Incessant happy endings can be a drag, right? Sometimes you like a good ... well, if not actually a cry, at least a gulp of melancholic sympathy.
Oops, I shouldn't give the ending away. But just about everyone I've talked to about "Sunset Boulevard" already seems to know Billy Wilder's famous 1950 Gloria Swanson-William Holden film noir of the same name, ending included, so for those people, it's already giving it away to say that this stage musical pretty slavishly tells the same story.
Oddly, I'm pretty sure I never saw the movie myself -- just another hole in my basic education, as my wife points out. Perhaps that's why I enjoy this Andrew Lloyd Webber (music), Don Black-Christopher Hampton (book, lyrics) musical stage adaptation so much, since I don't have to compare it to a masterpiece.
What I especially like is the music, which is primarily melodic, melodramatic schmaltz. There's nothing wrong with schmaltz in the right place. It fits perfectly here, because it channels those organ-heavy musical scores that accompanied the great silent film weepies. It almost feels through-composed, lifting the dialogue into emotional significance.
For the few of you who don't know the story, set in 1950 Hollywood, it begins with a death in a haunted mansion on Sunset Boulevard inhabited by Norma Desmond, a great (fictional, but with obvious parallels) star of silent films. She's been out of the public eye for two decades, but when it's said that "you used to be big," she replies, "I am big ... it's the pictures that got small."
She dreams of a return, abetted by Joe Gillis, a sardonic writer whom she inveigles into helping her work on a film version of the life of Salome -- a sexy teenager whom in her delusion she believes she can still portray in a silent film epic, directed by Cecil B. DeMille, no less. "We didn't need words," she says. "We had faces."
Joe takes on the job out of financial desperation and as an expression of his contempt for Hollywood, but he continues it out of growing sympathy for the addled star. He also gets involved with Norma's opposite, a young, idealistic writer, Betty, and they begin to collaborate on a very different kind of script. This gives the creators a chance to cut away from Norma's gloomy mansion to the world of ambitious young actors and writers, with Joe (who also serves as the musical's cynical narrator) the only connecting character.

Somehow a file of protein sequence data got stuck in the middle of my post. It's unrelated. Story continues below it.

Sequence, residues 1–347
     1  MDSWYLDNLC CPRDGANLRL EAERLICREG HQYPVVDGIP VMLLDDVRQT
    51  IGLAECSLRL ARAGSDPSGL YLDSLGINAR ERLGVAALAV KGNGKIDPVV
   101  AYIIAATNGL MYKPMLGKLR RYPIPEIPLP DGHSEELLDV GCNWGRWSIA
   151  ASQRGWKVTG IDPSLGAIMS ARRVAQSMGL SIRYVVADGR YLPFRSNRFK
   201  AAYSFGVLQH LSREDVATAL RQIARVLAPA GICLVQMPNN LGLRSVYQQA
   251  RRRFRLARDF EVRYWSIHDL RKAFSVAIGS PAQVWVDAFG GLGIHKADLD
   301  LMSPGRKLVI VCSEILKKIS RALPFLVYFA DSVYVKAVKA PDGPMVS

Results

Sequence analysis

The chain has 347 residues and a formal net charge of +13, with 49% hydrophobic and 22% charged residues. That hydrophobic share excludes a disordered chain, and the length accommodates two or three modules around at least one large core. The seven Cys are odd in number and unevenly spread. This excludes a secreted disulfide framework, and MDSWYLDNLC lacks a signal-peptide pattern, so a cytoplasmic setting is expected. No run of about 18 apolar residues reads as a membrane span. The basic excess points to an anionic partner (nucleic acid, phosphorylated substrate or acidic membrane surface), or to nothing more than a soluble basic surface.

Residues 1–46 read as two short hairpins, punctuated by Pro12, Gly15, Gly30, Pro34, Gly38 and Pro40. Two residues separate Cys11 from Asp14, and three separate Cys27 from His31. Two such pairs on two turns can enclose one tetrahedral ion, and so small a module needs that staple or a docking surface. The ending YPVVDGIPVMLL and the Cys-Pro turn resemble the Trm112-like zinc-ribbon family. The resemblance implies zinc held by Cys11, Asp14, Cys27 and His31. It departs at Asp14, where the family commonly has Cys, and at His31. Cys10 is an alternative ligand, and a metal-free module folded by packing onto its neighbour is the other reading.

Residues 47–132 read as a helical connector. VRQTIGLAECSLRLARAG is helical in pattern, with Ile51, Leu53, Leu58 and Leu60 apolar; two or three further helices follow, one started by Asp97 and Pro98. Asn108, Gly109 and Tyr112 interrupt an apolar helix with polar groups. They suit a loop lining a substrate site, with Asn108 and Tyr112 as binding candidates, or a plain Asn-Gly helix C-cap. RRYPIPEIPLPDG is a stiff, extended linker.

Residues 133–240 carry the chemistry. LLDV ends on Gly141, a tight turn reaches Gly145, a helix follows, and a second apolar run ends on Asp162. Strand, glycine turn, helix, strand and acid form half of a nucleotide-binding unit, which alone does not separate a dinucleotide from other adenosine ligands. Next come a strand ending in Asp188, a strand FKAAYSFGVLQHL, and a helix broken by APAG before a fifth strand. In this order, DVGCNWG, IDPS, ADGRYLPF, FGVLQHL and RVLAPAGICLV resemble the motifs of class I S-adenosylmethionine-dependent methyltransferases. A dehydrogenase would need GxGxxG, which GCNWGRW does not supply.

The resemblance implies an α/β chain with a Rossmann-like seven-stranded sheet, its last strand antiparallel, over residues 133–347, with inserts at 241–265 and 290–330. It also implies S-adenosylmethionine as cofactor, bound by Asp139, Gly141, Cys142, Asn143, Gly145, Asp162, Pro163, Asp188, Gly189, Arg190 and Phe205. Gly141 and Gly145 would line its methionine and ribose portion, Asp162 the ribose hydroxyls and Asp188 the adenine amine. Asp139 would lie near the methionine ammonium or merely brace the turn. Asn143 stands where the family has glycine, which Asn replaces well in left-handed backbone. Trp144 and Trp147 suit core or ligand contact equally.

A third world, seen briefly, is the dream factory of Paramount Studios, where reality and illusion intertwine. Eventually, Joe's two main worlds collide, and we are back to where the musical started, learning who it is who died.
The story queries stardom. Who is more to blame, the idolized or idolaters? (Cue obligatory allusion to Joe Paterno here.) Norma has been thrown on the dustheap in her 50s. What's wrong with us?
The star role is of course Norma Desmond, played here by Liz Callaway with a diva's desperation and a voice that soars in Mr. Lloyd Webber's Puccini-esque arias. You may recall the battle back in 1993-94, when the London star, Patti LuPone, was dumped in favor of the LA star, Glenn Close (who had the advantage of a tighter score and book), bringing the latter to Broadway. I saw them both (and also the revised national tour, which started in Pittsburgh in 1998), and all that Ms. Callaway lacks is a degree of crazy intensity. She certainly attracts our sympathy, leaving the stage at the end like Blanche DuBois, triumphant in delusion.
The bigger role is Joe, who seems to be on stage constantly. CMU grad Matthew Scott isn't obvious casting -- in place of the indolent good looks of some of his predecessors, he has a dark, edgy quality. But this serves Joe's cynicism well, and he is believable in both the plots he serves as a man torn between self-loathing and tentative hope.
Amanda Rose is a properly fresh-faced Betty (if not exactly 22), and Walter Charles, a Broadway veteran, is suitably lugubrious and in a way tragic as Max, her devoted servant, once a great director. For the rest, the CLO ensemble has fun as the young hopefuls.
Music director Tom Helm conducts a resonant 22-piece orchestra in its tour of the score, one of the best of Mr. Lloyd Webber's latter career, and Barry Ivan pulls off the usual CLO miracle in getting a big, complex show on its feet in just a week, including only a day and a half on stage. How does Van Kaplan and company do it?
One way is with the help of the professional Benedum crew. An essential part for decades has been Kenny Brannigan, whose upcoming retirement was celebrated Tuesday night, both pre- and post-show.
This is a big show, now given its CLO premiere with skill and an appropriately bruised heart.
Senior theater critic Christopher Rawson: firstname.lastname@example.org. First Published July 26, 2012 4:00 AM